Forming after the unfortunate closure of Midway Games, NetherRealm Studios took on the task of rebooting the Mortal Kombat franchise and delivered arguably one of the best instalments of the series. Following this, they decided to develop a fighting game focusing entirely on the DC Universe – as opposed to the MK crossover released years prior by the aforementioned Midway. Injustice: Gods Among Us was the end result and now, five years since its release, it’s time to take a look back at how it fared.

Launching on 16th April, 2013 in the US and 19th April of the same year in Europe, Injustice: Gods Among Us came late in the day for the previous generation of consoles – Xbox 360 and PS3 – just before it could really take advantage of the new tech. It didn’t suffer at all though, with the graphics and gameplay both upholding a high standard at the time. Critics lauded the brawling aspect and the decent sized presence of single player content, but for me personally, the majority of the praise had to be given to the story. I witnessed an original story which saw many of my favourite superheroes shone in a new light, a much darker one.

Using cinematic cutscenes, a narrative was created that explored a world where the despicable Joker had manipulated a drugged Superman to kill Lois Lane and their unborn child, which led to a nuke detonating, destroying Metropolis in the process. Realising what had occurred, Superman then murdered the Joker and formed his own Regime to annihilate almost all the other villains, as well as targeting those heroes who don’t conform. On the flip side, Batman establishes a force of his own, Insurgency, in an attempt to resist Superman’s dictatorship.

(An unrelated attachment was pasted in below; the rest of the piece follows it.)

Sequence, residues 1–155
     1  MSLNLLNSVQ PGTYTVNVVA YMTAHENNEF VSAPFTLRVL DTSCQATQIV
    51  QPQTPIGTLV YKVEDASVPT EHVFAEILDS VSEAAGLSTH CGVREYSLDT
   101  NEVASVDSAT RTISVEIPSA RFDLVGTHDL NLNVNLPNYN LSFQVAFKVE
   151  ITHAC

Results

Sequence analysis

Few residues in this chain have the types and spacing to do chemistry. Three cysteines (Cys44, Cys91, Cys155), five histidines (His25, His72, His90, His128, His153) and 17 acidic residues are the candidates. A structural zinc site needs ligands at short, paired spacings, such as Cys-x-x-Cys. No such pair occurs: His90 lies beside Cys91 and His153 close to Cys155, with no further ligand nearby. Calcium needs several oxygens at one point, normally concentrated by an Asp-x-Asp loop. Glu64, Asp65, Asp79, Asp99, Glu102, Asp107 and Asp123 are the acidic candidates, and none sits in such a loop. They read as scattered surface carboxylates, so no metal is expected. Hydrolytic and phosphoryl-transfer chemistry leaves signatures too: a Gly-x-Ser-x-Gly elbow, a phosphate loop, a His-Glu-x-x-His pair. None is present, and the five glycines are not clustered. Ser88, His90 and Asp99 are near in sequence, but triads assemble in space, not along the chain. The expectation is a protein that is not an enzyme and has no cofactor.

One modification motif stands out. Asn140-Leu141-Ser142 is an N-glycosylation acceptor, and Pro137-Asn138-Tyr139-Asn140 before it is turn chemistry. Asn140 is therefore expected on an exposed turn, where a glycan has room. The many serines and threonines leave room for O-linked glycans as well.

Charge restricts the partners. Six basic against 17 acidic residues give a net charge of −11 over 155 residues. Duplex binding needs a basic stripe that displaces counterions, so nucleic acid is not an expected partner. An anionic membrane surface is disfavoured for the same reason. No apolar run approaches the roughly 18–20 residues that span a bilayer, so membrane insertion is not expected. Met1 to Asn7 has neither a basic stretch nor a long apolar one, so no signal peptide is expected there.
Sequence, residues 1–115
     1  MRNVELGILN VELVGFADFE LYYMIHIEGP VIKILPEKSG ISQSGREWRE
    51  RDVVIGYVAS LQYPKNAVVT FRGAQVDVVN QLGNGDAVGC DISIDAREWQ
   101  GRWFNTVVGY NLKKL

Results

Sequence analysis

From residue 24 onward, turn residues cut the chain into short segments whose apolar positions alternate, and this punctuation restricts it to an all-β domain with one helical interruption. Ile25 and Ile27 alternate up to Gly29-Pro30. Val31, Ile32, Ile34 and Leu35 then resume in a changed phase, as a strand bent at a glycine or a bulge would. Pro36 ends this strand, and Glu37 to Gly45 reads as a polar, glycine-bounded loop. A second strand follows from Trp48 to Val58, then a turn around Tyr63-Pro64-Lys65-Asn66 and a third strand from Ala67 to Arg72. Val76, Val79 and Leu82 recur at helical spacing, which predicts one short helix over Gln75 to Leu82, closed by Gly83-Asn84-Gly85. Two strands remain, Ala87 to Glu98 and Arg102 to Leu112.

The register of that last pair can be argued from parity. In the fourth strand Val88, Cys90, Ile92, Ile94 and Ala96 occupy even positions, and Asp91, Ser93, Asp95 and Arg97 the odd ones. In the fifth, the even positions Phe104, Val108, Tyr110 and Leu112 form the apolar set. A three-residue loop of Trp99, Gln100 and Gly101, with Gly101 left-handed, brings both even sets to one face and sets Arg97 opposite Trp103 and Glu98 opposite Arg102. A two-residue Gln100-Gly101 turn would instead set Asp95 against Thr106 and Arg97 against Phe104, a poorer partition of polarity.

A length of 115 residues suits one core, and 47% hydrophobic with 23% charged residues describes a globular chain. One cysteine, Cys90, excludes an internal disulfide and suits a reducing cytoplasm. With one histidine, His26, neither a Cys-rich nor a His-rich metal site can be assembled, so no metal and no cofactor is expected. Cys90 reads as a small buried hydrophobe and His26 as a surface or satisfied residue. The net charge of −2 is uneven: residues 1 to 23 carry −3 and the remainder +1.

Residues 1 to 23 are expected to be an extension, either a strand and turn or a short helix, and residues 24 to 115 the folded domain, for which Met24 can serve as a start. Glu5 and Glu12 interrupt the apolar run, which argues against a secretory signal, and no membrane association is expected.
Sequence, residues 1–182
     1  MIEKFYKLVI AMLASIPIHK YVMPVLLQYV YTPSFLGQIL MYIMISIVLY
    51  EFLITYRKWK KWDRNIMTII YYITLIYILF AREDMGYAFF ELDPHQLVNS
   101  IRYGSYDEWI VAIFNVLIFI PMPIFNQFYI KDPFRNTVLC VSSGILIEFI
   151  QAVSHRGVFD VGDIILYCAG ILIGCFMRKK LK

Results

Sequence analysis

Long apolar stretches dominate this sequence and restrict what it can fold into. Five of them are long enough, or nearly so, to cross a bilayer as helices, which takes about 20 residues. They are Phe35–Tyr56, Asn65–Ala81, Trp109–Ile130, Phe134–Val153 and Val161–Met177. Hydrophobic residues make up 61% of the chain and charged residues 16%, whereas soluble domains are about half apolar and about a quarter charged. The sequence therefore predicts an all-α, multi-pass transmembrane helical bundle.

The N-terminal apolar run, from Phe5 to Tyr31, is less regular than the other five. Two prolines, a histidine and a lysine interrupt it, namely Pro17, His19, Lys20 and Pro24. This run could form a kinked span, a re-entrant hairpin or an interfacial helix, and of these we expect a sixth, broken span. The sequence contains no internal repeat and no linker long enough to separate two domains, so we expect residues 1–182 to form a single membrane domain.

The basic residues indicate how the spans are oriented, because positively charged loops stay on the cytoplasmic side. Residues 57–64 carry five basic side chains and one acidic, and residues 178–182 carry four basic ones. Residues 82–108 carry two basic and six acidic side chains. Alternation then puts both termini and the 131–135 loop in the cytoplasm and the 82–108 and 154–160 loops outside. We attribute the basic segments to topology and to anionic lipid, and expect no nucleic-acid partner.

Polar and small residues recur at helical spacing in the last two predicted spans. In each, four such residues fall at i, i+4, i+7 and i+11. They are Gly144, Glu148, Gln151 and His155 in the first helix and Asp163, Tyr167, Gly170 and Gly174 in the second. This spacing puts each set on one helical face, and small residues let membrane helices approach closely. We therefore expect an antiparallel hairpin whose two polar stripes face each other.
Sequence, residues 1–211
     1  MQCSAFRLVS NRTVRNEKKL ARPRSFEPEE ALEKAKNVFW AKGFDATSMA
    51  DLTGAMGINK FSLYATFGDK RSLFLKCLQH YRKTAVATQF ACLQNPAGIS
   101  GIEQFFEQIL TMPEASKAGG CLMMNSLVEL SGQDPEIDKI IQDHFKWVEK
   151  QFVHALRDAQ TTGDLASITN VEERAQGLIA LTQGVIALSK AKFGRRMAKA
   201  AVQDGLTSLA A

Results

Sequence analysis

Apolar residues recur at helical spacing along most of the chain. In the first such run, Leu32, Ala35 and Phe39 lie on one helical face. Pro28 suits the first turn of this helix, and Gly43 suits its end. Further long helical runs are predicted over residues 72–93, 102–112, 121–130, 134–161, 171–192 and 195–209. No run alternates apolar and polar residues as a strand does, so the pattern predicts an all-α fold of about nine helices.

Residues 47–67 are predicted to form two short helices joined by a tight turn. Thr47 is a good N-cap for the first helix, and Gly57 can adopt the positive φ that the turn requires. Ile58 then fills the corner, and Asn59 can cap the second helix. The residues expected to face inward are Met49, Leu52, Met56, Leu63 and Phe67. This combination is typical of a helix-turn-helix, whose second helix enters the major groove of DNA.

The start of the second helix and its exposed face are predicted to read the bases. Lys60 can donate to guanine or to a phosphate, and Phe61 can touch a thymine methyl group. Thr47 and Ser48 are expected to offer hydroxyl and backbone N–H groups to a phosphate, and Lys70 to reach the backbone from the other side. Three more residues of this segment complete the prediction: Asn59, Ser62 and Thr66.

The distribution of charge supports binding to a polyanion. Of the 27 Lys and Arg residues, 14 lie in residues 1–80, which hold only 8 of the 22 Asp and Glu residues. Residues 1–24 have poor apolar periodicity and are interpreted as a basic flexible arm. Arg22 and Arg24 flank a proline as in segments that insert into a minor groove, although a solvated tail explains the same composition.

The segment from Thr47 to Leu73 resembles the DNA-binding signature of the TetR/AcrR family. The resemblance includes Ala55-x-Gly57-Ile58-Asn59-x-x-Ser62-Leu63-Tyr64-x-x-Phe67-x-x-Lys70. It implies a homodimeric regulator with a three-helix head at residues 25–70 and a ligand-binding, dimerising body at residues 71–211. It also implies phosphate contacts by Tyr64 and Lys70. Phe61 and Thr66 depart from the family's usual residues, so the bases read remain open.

Players join the action five years after these events, as the Insurgency discover a parallel universe in which the Joker’s plan failed. The plan is to recruit specific heroes from this universe, such as Wonder Woman, Green Lantern and Aquaman, to help bring the Regime crashing down, whilst the likes of Batman and the Joker are teleported by chance too, further boosting their chance. Every so often the story calls on you to seamlessly take control of a character in peril in order to defeat the opponent in your path, thus the feature length tale gives a purpose to the battles.

I’ve been indulging in the DC Universe through various mediums since the early 90’s and I hadn’t experienced a similar all-round story, which turned everything ‘normal’ on its head. You know it’s utter chaos when you’re rooting for Lex Luthor, but it’s also intriguing to observe what would happen if the god-like Kryptonian lost the plot and decided to become judge, jury and executioner– something we’ve seen to a degree in the movies recently. NetherRealm made good use of their roster too, ensuring each chapter felt fresh as you fought using different characters.